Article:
The main distinction involves the type of products, which will determine the pool of available vendors.
Storage consolidation means different things to different people. The main distinction involves the type of products you use to achieve consolidation, which, in turn, will determine the pool of possible vendors available to help. Three types of consolidation approaches exist, though some strategies can employ elements of each.
1. Big box
To some, consolidation translates into moving the data stored on many small disk arrays to one large array that offers many connection points. The shared array can be partitioned via software to segregate data from different business units or projects, and connections to the array can be allocated to specific servers and partitions.
2. Network-attached storage
Another approach is to reposition data from an internal server disk or direct-attached arrays onto network-attached storage (NAS) appliances. NAS appliances are essentially thin-server operating systems optimized for network attachment and storage processing and bolted to a disk array.
Most NAS boxes feature an appliance head, where the NAS operating system resides, and a set of trays, where disk drives are located. The appliance can scale vertically, by adding more trays, or horizontally, by adding more NAS to a TCP/IP network.
To enhance NAS appliances' scalability and to eliminate chokepoints that may result from too much vertical scaling -- or the management headaches that arise because of too much horizontal scaling -- vendors such as Silicon Graphics Inc. and others are introducing
NAS head clustering, which combines multiple NAS heads into one virtual head.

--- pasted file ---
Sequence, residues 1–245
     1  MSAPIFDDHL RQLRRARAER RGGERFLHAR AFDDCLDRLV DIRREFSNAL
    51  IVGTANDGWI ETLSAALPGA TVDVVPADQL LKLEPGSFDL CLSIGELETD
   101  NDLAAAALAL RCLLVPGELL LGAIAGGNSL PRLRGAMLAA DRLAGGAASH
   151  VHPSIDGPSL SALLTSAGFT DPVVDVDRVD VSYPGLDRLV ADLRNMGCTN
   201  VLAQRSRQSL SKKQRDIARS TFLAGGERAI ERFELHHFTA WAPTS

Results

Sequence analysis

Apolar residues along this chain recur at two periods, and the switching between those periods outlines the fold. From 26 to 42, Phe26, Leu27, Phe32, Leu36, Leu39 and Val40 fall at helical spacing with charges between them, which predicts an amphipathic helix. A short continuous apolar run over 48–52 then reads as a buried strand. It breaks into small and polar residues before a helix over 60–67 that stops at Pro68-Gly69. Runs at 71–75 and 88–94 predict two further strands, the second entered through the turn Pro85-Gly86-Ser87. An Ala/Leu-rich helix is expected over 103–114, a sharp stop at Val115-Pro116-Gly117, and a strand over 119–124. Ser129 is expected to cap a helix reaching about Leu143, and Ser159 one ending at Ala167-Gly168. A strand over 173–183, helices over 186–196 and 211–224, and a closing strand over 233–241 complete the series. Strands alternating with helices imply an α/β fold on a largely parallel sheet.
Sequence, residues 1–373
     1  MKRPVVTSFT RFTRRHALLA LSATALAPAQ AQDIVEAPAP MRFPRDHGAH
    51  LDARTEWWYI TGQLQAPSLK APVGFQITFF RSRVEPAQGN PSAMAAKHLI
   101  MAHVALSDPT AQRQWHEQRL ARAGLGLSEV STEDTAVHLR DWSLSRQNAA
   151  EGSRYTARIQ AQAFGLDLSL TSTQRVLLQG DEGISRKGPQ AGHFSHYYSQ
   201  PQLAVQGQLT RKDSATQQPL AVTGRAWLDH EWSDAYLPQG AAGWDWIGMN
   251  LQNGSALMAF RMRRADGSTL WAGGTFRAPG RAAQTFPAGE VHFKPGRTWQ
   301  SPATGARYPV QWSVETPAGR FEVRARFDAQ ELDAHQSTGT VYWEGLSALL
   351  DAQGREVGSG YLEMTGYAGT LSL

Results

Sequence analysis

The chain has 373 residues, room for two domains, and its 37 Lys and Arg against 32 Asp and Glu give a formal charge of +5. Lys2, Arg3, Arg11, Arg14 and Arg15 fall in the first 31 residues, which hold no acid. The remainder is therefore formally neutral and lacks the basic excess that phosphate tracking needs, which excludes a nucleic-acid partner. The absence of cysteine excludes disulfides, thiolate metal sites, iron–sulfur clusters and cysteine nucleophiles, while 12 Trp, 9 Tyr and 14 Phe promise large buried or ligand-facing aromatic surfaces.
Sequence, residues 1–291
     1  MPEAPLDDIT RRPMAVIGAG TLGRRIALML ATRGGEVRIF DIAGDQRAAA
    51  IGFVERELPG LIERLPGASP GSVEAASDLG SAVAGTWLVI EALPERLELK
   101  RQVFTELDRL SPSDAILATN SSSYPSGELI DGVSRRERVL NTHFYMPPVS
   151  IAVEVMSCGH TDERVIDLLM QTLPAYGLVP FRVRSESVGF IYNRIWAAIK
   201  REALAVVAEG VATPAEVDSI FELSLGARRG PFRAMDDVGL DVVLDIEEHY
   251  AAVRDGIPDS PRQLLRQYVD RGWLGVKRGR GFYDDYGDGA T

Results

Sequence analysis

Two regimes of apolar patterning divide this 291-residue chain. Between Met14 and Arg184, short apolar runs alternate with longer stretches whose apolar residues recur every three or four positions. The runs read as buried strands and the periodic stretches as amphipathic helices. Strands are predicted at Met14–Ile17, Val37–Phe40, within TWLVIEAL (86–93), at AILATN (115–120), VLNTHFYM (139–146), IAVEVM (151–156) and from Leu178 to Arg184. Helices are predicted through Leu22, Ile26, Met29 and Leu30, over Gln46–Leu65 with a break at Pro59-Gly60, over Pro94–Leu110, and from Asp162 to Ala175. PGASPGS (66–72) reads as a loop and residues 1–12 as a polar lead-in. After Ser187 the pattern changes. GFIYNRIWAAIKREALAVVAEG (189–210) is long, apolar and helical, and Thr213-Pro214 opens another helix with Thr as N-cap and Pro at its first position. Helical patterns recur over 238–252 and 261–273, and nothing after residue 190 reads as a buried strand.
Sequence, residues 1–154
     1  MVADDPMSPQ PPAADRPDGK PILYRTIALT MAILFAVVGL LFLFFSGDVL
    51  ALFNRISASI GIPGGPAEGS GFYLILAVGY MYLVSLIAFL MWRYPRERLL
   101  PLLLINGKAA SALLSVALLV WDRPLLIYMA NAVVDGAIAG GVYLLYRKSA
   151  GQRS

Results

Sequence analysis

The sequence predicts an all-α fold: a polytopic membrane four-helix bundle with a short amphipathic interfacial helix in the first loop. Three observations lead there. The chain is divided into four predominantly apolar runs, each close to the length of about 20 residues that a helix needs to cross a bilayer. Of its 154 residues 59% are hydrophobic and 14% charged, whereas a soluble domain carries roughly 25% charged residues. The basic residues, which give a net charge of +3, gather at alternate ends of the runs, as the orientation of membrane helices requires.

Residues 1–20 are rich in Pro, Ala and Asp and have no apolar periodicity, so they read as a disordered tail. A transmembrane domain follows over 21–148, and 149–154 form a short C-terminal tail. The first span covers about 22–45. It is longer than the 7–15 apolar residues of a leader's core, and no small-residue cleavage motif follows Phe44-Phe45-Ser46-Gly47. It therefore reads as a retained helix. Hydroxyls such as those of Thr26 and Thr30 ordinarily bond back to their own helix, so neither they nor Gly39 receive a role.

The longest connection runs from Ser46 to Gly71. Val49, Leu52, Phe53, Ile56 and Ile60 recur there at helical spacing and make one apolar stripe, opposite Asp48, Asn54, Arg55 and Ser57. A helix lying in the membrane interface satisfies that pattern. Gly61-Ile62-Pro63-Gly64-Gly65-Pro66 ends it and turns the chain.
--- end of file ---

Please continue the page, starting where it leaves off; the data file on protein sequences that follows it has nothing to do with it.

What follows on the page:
NAS also can be deployed to serve as a gateway to a back-end storage-area network (SAN), providing potentially enormous vertical scalability. This is one strategy Network Appliance Inc. officials are pursuing.
3. Storage-area networks
Storage consolidation also can be achieved through the use of a SAN. Technically speaking, these are more appropriately referred to as channel fabrics in which a switch is placed between a server and a direct-attached storage array that makes and breaks point-to-point high-speed connections.
SANs enable the interconnection of hundreds of thousands of nodes, which are servers and storage devices, and facilitate the aggregation of storage. Consolidation, in this usage, refers to putting all data into one entity -- the SAN -- that fewer individuals can then monitor and administer.
Adding virtualization software to any of these platforms provides a means to allocate and reallocate storage to specific applications. Virtualization hides the technical complexity involved in assigning physical storage resources such as disk space to specific applications. To many vendors, virtualization is the only path to true consolidation.
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